- A significant proportion of CFO’s at ASX top 100 organisations have a Big 4 audit background.
- People do move from audit to commerce frequently however it is still very competitive and you can be limited to businesses of a similar size and industry to those that you audited.
When a business enters into administration, the liquidator (insolvency partner) takes on the responsibility for either continuing to trade the business on or wind up (liquidate the assets of the business) the business.
Most of the work you will do in insolvency will involve investigations into the affairs of a company, writing detailed reports into how the business ended up in a position where it is, who / what is responsible and is it salvageable.
When a liquidator decides to trade on a business for the benefit of creditors, they effectively run the business so you will get some experience with running the finances of a business.
- You gain excellent report writing skills;
- You develop a good understanding of how businesses fail;
- The work can be varied, from managing the day to day operations of a business, through to counting tyres in a warehouse.
- You are often dealing with people who are under a lot of stress, be it people who are owed money or the directors of companies that are being wound up;
- Moving from insolvency to commerce can be challenging;
- Insolvency is a small labour market and the experience is very specialised.
Careers in Commerce:
- Compared to other service lines there aren’t many direct like for like role in commerce;
- The most likely move will be into a fraud or commercial analyst position.
- Insolvency can be a tough racket and it is not for everyone.
Other Service Lines
The other main service lines including:
- Internal Audit;
- Corporate Finance;
- R&D Tax;
- Transfer Pricing;
- Global Mobility Services;
We decided not to go into more detail on either of the above service lines, either because they are very specialised or despite having routes in accounting have diverged in part, if not entirely.
Because we are focusing on the start of your career, the only positions worth considering in commerce when you have no experience are:
- Graduate Rotation Programs;
Most large corporates have graduate rotation programs for accounting and finance.
People in these programs will typically do 6-12 month rotations through different finance teams over 2-3 years before being offered a role in one of the teams.
- You get to experience multiple different disciplines across finance in the one business;
- Because you move around different departments you will have the opportunity to develop deep understanding of the business and the industry;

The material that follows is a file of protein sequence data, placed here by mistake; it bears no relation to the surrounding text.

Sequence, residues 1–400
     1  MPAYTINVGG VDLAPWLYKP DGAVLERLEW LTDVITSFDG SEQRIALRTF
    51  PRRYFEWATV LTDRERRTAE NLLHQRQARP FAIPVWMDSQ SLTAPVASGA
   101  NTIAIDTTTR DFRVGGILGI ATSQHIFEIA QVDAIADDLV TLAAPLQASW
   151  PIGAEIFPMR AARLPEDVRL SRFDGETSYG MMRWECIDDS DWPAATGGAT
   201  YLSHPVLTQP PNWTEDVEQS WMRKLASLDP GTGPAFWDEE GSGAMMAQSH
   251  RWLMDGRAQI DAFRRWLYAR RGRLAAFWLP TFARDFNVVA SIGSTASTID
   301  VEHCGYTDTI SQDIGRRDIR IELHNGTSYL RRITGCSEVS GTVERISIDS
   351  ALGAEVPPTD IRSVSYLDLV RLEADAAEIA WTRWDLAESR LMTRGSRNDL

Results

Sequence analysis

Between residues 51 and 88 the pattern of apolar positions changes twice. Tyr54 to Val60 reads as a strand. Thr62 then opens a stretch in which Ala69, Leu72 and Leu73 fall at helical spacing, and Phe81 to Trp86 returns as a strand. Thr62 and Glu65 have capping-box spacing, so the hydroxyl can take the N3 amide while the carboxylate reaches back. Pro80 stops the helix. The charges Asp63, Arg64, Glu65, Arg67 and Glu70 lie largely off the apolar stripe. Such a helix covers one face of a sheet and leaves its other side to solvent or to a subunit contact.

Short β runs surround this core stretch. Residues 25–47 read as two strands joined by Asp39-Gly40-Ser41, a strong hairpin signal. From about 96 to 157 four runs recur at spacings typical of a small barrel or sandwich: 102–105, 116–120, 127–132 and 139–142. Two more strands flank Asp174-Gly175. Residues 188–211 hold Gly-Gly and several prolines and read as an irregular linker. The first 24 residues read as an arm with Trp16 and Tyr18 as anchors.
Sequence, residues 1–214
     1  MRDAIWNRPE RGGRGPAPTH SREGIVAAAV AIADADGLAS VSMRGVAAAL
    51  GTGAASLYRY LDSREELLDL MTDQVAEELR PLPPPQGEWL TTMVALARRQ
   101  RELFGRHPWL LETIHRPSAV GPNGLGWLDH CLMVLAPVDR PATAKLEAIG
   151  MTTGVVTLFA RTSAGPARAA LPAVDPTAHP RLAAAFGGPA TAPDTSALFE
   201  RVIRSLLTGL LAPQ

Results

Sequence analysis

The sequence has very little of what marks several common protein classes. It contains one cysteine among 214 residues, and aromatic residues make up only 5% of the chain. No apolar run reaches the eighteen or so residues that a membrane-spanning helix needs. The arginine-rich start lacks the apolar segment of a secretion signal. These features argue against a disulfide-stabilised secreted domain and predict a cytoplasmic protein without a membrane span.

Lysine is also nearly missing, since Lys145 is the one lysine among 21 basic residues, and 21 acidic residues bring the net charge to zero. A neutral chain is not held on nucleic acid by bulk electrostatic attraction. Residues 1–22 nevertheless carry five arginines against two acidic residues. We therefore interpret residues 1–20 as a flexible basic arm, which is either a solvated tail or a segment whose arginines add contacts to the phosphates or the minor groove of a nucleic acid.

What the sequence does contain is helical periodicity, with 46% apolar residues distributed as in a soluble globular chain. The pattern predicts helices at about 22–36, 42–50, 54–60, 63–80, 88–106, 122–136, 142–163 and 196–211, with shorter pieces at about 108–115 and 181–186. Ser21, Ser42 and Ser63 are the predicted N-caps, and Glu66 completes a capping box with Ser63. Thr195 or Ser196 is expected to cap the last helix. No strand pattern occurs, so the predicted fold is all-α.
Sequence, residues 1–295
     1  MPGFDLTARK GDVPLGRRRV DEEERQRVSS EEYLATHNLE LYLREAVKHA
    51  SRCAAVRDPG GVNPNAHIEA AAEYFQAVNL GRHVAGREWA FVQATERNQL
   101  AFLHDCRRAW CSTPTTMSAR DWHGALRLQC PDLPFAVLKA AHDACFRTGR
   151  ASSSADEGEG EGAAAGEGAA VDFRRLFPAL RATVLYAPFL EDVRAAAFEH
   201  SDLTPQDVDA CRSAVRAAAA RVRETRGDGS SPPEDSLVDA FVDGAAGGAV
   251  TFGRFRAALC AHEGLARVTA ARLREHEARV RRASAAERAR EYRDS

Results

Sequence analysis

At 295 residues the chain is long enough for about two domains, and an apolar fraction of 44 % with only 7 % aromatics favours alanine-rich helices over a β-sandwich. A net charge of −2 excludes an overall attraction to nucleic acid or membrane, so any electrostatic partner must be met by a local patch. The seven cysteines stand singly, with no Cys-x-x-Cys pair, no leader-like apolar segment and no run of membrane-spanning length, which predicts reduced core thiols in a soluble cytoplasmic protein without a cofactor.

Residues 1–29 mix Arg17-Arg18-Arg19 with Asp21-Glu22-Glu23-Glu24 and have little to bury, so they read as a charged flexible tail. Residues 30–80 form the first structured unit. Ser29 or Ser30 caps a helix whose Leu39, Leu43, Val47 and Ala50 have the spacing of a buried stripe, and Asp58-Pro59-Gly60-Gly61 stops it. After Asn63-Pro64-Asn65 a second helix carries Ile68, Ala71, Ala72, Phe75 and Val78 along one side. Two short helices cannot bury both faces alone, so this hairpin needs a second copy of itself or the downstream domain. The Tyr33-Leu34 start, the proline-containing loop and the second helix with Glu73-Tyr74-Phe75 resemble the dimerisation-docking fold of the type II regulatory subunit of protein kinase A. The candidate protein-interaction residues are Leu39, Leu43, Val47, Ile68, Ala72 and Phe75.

- The experience you will get will be very commercially focused which a lot of people find interesting;
- People who have come through graduate programs tend to be in high demand.
- Moving from professional services to commerce is relatively easy, moving from commerce to professional services is not;
- Your experience is limited to one industry, which can make it hard to change industries in the future;
- Technical accounting knowledge is unlikely to be as strong as someone who completed the CA in an accounting firm.
Careers in Commerce:
- People who come through graduate programs tend to end up in commercial manager or project roles;
- They are highly regarded within the industry.
- Companies with graduate programs tend to be large corporates, so you can get lost in the mix of it all.
Just a final note on entry level commerce roles, avoid transactional positions like:
- Assistant Accountant;
- Accounts Payable;
- Accounts Receivable;
You will get sufficient experience doing this working in an accounting firm and along with everything else discussed above.
Working in professional services at the start of your career is likely to give you a deeper understanding of technical accounting issues.
The subject matter of the CA or CPA is going to be very relevant to your day to day job and there are usually several people in an accounting firm completing the same unit at the same time.
You are likely to earn less money in an accounting firm in the first 5 years than you would in commerce, however I would argue it is easier to earn 200K in an accounting firm than in commerce.
Deciding which service line you want to work in is an important decision so it is worth taking some time to consider.
Business Services will keep the most doors open, then audit, tax and finally insolvency.
Commerce graduate programs can be excellent experiences so if you have a passion for an industry or a business they are worth pursuing.